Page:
27 Sep Symposium on the Current Crisis in Myanmar: Legal Implications – An Introduction
It has now been over six months since the coup by the Myanmar military on 1 February 2021. There are multiple crises at the moment in Myanmar – mass atrocities being committed by the security forces on a daily basis, a devastating Covid-19 pandemic, ongoing armed conflicts in various parts of Myanmar, the continued marginalization of many minorities, and proceedings at international courts related to the Rohingya. These issues require further attention and analysis, and this is the right time to renew our focus.
The international law blog Opinio Juris and the Asia Justice Coalition have partnered to bring to you this Symposium, “Current Crisis in Myanmar: Legal Implications”. Previously, in August 2020, both partners hosted the symposium, “The Impact and Implications of International Law: Myanmar and the Rohingya”, in which various aspects of the legal developments related to the Rohingya were canvassed. This year, the intention is to broaden the discussion, to include the current events in Myanmar, given their inescapable impact on questions of justice and accountability, not just for the Rohingya but also the rest of the population of Myanmar. Members and partners of the Asia Justice Coalition have contributed their time and expertise in presenting their views and analysis for this symposium.
The UN General Assembly passed resolution 75/287 in June 2021, “Condemning in the strongest terms, in this context, the excessive and lethal violence by the Myanmar armed forces since 1 February 2021 […]”, and called upon the military to “immediately stop all violence against peaceful demonstrators”. The UN Human Rights Council has also addressed the human rights crisis in Myanmar, condemning the coup as a major step back in the democratic transition of Myanmar and condemning the widespread violations of human rights by the Tatmadaw.
On 23 September 2021, in her update at the 48th session of the Human Rights Council alongside the launch of the report “Situation of human rights in Myanmar – Report of the United Nations High Commissioner for Human Rights”, Michelle Bachelet stated:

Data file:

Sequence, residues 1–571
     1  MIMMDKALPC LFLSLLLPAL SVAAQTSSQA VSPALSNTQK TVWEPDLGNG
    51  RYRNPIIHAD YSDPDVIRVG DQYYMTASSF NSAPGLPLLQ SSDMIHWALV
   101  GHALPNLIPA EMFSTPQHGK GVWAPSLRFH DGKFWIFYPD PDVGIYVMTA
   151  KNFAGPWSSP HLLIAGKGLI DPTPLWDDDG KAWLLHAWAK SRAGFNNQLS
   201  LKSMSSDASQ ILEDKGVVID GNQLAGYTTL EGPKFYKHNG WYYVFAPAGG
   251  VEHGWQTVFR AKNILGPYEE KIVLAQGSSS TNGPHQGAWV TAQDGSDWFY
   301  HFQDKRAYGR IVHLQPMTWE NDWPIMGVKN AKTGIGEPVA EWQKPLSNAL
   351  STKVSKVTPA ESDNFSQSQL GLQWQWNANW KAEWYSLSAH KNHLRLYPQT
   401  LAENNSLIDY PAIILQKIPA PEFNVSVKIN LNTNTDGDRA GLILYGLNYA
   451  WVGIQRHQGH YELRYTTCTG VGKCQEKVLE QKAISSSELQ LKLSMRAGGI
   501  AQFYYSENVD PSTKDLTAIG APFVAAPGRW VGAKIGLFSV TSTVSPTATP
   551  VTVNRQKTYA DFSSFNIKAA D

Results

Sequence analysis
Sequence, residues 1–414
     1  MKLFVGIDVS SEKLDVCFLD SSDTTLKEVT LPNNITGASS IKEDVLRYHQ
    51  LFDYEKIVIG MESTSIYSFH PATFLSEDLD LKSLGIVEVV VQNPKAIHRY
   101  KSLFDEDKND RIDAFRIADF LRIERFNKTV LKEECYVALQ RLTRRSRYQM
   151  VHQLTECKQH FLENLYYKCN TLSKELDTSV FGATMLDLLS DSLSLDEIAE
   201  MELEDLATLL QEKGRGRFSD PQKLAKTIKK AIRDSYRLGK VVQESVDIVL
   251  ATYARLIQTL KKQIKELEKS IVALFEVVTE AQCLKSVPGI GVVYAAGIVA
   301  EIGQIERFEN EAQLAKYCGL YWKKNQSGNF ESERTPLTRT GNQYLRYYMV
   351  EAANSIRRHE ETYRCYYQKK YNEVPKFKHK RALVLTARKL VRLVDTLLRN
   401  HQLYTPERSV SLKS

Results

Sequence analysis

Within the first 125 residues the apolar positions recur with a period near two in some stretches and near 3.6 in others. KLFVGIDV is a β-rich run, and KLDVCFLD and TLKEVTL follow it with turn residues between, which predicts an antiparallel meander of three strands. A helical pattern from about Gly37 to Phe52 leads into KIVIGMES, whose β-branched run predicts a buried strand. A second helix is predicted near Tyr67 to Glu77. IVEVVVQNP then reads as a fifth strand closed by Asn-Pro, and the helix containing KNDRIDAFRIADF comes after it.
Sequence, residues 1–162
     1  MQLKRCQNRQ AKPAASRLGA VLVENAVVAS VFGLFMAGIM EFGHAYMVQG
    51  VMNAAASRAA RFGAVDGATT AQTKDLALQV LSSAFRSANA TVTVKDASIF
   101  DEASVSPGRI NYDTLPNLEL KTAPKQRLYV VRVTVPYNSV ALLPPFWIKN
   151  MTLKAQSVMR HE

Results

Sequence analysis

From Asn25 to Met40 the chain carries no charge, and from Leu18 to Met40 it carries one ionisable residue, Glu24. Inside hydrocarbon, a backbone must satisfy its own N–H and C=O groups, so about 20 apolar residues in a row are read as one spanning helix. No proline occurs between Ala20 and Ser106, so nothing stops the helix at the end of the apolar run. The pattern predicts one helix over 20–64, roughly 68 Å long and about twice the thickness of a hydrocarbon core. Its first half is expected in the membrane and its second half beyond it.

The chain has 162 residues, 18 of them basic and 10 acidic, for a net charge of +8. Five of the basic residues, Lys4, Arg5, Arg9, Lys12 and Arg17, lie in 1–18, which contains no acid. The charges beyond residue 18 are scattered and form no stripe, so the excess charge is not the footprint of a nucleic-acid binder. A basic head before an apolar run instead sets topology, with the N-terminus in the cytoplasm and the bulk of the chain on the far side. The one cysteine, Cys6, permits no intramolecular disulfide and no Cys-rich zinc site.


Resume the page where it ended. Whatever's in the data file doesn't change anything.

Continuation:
Accountability remains crucial to any solution going forward. The human rights violations crimes being committed by the Tatmadaw today are built upon the impunity with which they perpetrated the shocking campaigns of violence against the Rohingya just four years ago – and also against many other ethnic minorities over decades.
It is crucial that the perpetrators of the most serious international crimes, including potentially genocide, are duly held to account. In this regard, the expanded work of the Independent Investigative Mechanism for Myanmar, with its ongoing mandate over current events, has become even more important. Steps taken by the democratic opposition to engage the International Criminal Court and other bodies may also open new avenues for accountability. I also hope that many more military personnel will grasp that their own futures will not be served by following unlawful orders to commit international crimes.
The current context in Myanmar – the take-over by the military in February 2021 and the resulting repression, including the commission of what may amount to crimes against humanity – necessitates enhanced attention. There are significant implications of these developments on the legal landscape relating to accountability.
Our contributors address multiple issues, such as the legacies of impunity of the Tatmadaw, and the failures in holding perpetrators accountable. The details of potential crimes against humanity in relation to the Rome Statute are detailed, as well as why the atrocities in Myanmar must be considered crimes against humanity. We delve into questions of recognition of the National Unity Government – including an analysis of what the credentials process at the UNGA means, and the implications of this question in a submission before the International Criminal Court. Universal jurisdiction is placed in the context of wider accountability initiatives, with an in-depth assessment and argument by the petitioners in the case relating to the Rohingya before the courts in Argentina. Finally, we look at overall context and impact of the coup on the Rohingya, coming full circle to the question of justice and accountability.
Here is a list of contributions, with links:
Shayna Bauchner, This Is What Impunity Looks Like – Myanmar’s Coup Built on Years of Failed Accountability,
Valerie Gabard & Kingsley Abbott, Post-coup Violations Should be Investigated as Crimes against Humanity,
Grant Shubin, Untangling Myanmar’s Credentials Battle and the Implications for International Justice,
Antonia Mulvey, New Communication to the International Criminal Court Calls for Justice for Victims and Survivors of Crimes Committed by Myanmar’s Military over Past Two Decades,
Jennifer Keene-McCann, Innovating Avenues for Justice and Accountability,
Tun Khin & Tomas Ojea Quintana, Inching Closer to a Historic Universal Jurisdiction Case in Argentina on the Rohingya Genocide,
Laetitia van den Assum, An Update on the Situation of Myanmar’s Rohingya.
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